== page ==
Don’t be put off by the funny name, as this album is far from immature. Here with their debut full-length self-titled album come The Nude Party, a band with as much talent as the musical predecessors they were inspired by. The album covers more themes than an English class and is sure to get even the most skeptical of listeners talking.
The band start off simply yet effectively with ‘Water On Mars’, a classic rock setup that guides you gently through the opening minutes of the record. But amongst the usual guitars and drums is the unmistakable sound of an organ. Although mostly subtle, this main event occasionally demands some attention, adding a quirky twist to an otherwise placid track.
The album then shifts up a few gears and begins throwing post-apocalyptic imagery into the mix. ‘Feels Alright’ takes this and runs fully with it to the sound of smoky Status Quo-inspired riffs. The upbeat production juxtaposes with the otherworldly lyrics which come to a peak in the chorus; “It don’t look good but it feels alright”. ‘War Is Coming’ could well be the prequel, as the production paired with the intimidating lyrics perfectly tell the story of the causing factors for the post-apocalyptic world.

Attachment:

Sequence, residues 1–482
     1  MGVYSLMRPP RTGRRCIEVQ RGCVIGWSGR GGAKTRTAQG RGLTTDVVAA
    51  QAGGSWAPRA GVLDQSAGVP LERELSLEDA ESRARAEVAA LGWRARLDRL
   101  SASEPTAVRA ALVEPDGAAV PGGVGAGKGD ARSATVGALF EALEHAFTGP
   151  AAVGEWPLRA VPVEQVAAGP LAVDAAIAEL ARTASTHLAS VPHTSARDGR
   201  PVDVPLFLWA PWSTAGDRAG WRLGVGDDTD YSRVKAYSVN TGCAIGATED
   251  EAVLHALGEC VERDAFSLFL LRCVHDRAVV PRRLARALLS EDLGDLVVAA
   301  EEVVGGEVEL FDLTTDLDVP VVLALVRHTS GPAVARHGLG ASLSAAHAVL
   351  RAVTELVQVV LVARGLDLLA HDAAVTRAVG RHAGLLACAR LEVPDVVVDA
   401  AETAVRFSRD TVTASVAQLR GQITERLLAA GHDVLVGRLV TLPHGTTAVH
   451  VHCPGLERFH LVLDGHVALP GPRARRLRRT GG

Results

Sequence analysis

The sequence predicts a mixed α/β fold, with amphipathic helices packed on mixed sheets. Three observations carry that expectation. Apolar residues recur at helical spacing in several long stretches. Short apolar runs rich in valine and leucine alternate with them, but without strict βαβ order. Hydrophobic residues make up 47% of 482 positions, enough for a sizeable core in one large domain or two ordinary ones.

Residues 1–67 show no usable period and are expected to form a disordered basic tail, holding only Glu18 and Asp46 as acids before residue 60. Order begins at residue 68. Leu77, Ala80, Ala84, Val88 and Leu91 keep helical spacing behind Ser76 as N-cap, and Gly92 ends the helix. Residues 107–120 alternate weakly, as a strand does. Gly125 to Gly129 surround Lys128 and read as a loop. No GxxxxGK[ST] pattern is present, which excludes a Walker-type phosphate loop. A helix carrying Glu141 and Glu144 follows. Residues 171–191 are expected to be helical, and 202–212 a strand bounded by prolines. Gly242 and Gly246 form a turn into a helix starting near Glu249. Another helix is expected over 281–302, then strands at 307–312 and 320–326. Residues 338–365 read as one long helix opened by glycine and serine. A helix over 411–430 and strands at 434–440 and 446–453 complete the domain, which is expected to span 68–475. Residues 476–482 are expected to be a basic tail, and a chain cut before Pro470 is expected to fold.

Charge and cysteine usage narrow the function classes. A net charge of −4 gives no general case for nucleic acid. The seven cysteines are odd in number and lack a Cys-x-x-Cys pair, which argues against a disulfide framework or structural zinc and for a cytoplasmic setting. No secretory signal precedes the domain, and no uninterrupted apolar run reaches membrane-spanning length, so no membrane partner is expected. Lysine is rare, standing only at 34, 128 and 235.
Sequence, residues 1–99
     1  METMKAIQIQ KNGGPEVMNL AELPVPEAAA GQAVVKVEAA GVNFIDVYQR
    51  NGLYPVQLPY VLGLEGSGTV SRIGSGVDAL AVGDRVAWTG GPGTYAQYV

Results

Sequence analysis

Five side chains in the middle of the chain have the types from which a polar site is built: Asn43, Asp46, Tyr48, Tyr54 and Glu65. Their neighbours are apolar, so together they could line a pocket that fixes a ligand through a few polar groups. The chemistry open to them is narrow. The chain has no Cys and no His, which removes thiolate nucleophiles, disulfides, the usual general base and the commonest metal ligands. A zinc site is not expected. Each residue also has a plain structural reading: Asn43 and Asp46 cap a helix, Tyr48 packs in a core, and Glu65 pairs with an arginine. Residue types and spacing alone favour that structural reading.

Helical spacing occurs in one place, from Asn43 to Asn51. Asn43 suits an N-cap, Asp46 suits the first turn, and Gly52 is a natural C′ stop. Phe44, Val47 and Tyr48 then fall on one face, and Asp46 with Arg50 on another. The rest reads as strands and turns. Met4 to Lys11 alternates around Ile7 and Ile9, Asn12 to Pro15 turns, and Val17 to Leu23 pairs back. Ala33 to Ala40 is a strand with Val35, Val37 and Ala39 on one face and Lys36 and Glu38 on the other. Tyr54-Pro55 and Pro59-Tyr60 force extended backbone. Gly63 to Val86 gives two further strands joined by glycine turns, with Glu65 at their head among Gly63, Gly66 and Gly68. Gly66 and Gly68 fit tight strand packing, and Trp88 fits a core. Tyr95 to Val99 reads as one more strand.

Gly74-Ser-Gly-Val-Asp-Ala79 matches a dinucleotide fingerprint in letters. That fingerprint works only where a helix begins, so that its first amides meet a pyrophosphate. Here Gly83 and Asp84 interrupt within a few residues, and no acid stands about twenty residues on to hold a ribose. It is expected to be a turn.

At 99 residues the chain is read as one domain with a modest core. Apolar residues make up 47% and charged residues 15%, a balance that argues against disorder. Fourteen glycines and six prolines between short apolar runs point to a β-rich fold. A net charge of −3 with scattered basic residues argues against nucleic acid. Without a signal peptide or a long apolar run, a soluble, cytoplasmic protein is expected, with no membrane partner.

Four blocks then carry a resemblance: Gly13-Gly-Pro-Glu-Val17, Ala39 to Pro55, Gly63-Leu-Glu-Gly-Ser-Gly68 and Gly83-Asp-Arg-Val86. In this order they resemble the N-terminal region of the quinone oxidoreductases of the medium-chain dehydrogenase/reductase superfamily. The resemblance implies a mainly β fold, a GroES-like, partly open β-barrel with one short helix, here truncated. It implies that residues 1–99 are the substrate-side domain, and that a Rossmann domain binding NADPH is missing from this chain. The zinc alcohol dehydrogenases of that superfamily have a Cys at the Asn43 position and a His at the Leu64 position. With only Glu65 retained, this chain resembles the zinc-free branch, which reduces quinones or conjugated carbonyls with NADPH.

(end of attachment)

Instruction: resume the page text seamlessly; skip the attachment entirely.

Taking sharp a turn away from dystopia comes ‘Gringo Che’, a sketchy retelling of the life of Che Guevara. The most impressive thing about this song is the classy guitar solo near the end, however it ends as quickly as it started. ‘Paper Trail (Money)’ is just as unfulfilling, sounding more like a filler song than a hit.
However, it is ‘Astral Man’ that really stood out to me. The Nude Party have met their inner astronauts and have gone extra-terrestrial for this track. Featuring a two-minute closing jamming session, this is the song that shows the band know what they’re doing. The lyrics are superb whilst the production allows for each band member to be appreciated. A spacey song that sounds like it could have been written in the 60s? Here you go.
The Nude Party have made a debut album that sounds like it could be a fourth release. It’s mastered impressively and each song knows its place. Yes, there are some that don’t work as well and are easily forgotten, but there are also the unexpected gems that give it their all. If this is their early material, it will be very interesting to see how they develop.